So, you want to build your mailing list. And not just build it, but also take steps to make its members engaged and responsive. You know authenticity, readership, and engagement are crucial to growing your business.
You’re just starting out, and you don’t have any contacts! Even if you did, you aren’t sure if it’s okay to start contacting them. And even if it was okay, you don’t know what to say to them.
Hold it right there.
Help is here!
The contact list you create in your business is a gold mine. You should treat it as such: mindfully create it, cultivate it, nurture it, and protect it. Fortunately, I’m going to show you how.
First of all, chances are you have more contacts than you realize. And there is a way to have them “opt-in,” officially, so you can start sending them emails. And … you guessed it: I’m going to give you a template for what to say when you reach out!
Ready? Let’s do this.
First and foremost, you have more contacts than you realize. They’re just scattered across the many facets of your life and the many platforms on which you’ve collected them. From your high school and college classmates to your colleagues from previous jobs, to all the friends you’ve made along the way, it’s likely that your contact list is already pretty decent.
As technology has evolved in the past couple of decades, you’ve probably stored your contacts in different places: that old Rolodex, Outlook, your personal email account, your smartphone, your address book … you get the picture.
Collect Your Contacts and Organize Them into a Central Platform.
This is the groundwork. Go through Outlook, your smart phone, Facebook, LinkedIn, your business cards, old email accounts, maybe even old spreadsheets. Enter ALL your contacts into one central list.
Once you see this new, central list, you may be surprised that you have several hundred contacts!
The problem: they’re not official business contacts. They may be family, friends, colleagues, co-workers, or people you’ve encountered at various events.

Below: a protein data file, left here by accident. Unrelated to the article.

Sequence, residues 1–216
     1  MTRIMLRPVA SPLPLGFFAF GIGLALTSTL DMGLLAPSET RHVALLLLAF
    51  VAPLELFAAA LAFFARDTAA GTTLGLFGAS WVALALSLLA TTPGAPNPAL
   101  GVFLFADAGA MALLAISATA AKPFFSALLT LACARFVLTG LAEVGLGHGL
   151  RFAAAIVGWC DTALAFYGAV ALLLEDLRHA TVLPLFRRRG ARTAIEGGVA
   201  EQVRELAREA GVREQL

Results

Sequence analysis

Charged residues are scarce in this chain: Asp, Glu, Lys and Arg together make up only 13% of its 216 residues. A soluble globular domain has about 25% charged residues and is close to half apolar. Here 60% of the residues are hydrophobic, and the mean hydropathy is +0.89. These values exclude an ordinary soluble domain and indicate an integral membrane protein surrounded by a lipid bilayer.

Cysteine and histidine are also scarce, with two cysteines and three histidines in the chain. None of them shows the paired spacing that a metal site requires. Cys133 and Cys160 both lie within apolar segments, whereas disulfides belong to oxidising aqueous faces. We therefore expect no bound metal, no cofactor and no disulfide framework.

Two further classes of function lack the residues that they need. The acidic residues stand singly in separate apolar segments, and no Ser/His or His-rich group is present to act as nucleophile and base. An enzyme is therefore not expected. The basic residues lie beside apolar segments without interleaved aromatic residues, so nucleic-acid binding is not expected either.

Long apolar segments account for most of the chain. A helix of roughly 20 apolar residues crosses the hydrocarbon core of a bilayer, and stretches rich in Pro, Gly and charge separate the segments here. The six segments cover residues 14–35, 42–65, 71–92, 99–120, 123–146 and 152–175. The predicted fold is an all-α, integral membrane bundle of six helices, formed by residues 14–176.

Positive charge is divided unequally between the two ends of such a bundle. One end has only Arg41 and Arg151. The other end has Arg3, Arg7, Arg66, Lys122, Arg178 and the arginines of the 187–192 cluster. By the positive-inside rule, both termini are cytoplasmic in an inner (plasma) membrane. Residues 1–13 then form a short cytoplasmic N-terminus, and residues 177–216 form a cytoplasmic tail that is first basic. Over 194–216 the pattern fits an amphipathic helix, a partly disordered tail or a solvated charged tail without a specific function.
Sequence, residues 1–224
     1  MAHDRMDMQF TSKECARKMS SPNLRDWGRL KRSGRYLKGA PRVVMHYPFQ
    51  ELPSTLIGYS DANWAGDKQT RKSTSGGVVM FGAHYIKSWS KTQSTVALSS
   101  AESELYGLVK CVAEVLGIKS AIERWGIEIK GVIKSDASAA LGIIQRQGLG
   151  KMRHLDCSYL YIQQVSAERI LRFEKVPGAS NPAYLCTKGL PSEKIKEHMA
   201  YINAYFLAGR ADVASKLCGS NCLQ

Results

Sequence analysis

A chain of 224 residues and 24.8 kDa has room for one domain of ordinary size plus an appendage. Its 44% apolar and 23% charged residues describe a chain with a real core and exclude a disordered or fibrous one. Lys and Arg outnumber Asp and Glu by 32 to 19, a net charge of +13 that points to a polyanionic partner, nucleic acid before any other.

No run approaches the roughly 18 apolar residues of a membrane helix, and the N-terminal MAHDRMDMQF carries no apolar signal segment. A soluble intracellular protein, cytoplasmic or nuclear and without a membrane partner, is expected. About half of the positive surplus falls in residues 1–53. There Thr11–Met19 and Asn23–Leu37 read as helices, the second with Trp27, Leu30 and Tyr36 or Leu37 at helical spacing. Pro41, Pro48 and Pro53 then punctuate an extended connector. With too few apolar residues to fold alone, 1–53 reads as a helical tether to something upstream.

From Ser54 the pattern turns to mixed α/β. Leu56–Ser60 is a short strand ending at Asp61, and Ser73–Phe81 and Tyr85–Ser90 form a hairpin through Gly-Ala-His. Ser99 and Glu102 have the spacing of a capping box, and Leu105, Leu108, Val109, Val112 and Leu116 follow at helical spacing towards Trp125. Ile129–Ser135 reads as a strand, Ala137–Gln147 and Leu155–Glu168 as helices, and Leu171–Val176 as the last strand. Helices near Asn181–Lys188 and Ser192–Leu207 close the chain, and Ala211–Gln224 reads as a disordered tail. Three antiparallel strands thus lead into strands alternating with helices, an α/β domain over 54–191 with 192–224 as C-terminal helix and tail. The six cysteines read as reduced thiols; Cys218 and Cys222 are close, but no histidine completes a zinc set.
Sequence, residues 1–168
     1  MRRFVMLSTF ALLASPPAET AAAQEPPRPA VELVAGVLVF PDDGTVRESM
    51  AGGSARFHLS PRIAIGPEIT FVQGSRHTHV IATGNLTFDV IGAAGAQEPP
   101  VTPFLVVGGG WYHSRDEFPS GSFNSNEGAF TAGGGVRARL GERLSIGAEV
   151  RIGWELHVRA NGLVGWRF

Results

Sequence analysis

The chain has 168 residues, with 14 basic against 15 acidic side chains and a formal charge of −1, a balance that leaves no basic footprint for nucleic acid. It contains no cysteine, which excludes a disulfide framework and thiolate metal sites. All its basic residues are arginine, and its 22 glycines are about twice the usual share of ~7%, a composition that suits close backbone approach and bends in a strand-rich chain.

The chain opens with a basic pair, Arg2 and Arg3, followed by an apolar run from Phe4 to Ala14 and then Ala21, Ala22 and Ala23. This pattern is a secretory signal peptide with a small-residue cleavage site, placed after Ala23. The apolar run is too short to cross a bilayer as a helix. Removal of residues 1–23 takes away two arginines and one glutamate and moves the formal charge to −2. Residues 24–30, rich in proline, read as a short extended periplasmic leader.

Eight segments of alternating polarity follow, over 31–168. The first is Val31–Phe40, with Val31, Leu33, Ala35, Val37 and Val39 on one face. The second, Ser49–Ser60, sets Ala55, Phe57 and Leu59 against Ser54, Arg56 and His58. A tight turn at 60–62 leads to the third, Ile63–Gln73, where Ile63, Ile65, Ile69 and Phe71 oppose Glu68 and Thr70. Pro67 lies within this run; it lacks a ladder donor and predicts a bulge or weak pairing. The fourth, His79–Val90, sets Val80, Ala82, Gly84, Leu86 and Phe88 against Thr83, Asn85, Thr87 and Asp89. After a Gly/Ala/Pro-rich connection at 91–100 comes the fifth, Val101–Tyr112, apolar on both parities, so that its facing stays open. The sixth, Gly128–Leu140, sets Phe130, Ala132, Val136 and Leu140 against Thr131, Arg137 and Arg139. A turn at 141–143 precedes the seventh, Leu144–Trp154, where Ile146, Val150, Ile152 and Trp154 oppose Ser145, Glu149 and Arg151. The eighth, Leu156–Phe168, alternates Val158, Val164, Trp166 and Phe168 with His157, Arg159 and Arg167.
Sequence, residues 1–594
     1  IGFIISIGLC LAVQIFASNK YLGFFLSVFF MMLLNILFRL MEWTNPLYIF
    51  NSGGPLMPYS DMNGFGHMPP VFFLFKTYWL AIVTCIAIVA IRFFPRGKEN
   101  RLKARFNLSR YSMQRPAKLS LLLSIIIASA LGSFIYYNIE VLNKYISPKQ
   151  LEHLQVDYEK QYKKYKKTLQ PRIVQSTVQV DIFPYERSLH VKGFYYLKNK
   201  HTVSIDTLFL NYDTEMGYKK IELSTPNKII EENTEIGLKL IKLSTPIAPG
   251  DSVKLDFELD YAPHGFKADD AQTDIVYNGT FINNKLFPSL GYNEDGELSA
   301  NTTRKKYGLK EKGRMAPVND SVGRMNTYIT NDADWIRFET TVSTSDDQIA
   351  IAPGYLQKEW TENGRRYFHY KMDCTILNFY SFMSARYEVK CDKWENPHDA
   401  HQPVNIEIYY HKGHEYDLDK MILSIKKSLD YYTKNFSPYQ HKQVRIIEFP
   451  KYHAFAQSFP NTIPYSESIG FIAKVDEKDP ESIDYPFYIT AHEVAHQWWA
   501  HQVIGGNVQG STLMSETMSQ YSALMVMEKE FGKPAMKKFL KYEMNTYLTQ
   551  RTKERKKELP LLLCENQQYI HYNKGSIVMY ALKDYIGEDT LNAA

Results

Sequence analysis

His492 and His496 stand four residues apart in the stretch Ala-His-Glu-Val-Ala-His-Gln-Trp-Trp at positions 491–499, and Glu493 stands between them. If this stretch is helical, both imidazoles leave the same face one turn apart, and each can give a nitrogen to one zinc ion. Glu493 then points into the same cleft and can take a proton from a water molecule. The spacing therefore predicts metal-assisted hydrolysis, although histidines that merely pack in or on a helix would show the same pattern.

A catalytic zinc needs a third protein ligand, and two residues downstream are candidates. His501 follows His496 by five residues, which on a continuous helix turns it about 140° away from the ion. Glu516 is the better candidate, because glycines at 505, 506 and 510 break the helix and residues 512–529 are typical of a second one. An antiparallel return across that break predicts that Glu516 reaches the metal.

A quick note here: even though you may be thinking these people don’t necessarily seem like your ideal clients, don’t be too quick to cull them out! Your existing contacts may not be your ideal clients, but they could provide a stepping-stone to people who are.
Ok, so you have your list of contacts. But none of them have officially opted in (signed up) to receive emails from you about the services you offer through your business.
So, let’s talk about the next step.
Ask for Permission to Send Them Emails.
Once you’ve got your contacts organized into one big email list, it’s time to let them know about your transition into starting your coaching business.
I call this notification the “Dear Jane” letter.
It’s a quick and easy way to get in touch with your existing contacts and give them the opportunity to opt in to your business mailing list.
It serves a secondary purpose, too, as a networking tool: your contacts can refer their own contacts to you, now that they know what you’re up to.
The “Dear Jane” letter includes seven components:
- The positioning and personalization statement. This is where you connect with those you know in a simple and personal manner.
- Your announcement. Let readers know you’re launching your coaching business, and tell them about your specialty.
- Your 5-Part Connection Conversation to create engaging dialog and response.
- An invitation to opt in and receive your lead generation magnet (also known as your free gift).
- The Ask. Ask directly if they are interested in what you’re up to or if they know someone who is. Ask for the referral.
- An invite to “Coffee.” Bring it back to a causal connection and show interest in what THEY are up to.
- The opportunity to unsubscribe. Including this option in every email ensures you meet spam regulations.
This “Dear Jane” letter will help you cultivate a specific contact list for your business, full of people who are interested in hearing what you have to say.
Take the “Quality over Quantity” Approach.
List building is not about getting a name on your contact list for the sake of having a greater number of “subscribers” and the bragging rights that come with that.
(The “Quantity over Quality” approach will get you high unsubscribe rates, frustrated people, and a list that isn’t responsive when you promote your services, events, or programs.)
When you cultivate a list of interested people, you’re then able to communicate the right message to them, quickly, prompting action.
When you share messages, tips, and resources, the members of your list will be more likely to take the next step toward reaching their desired results.
YOUR result: a mailing list that is engaged and responsive … and a business that continues to grow.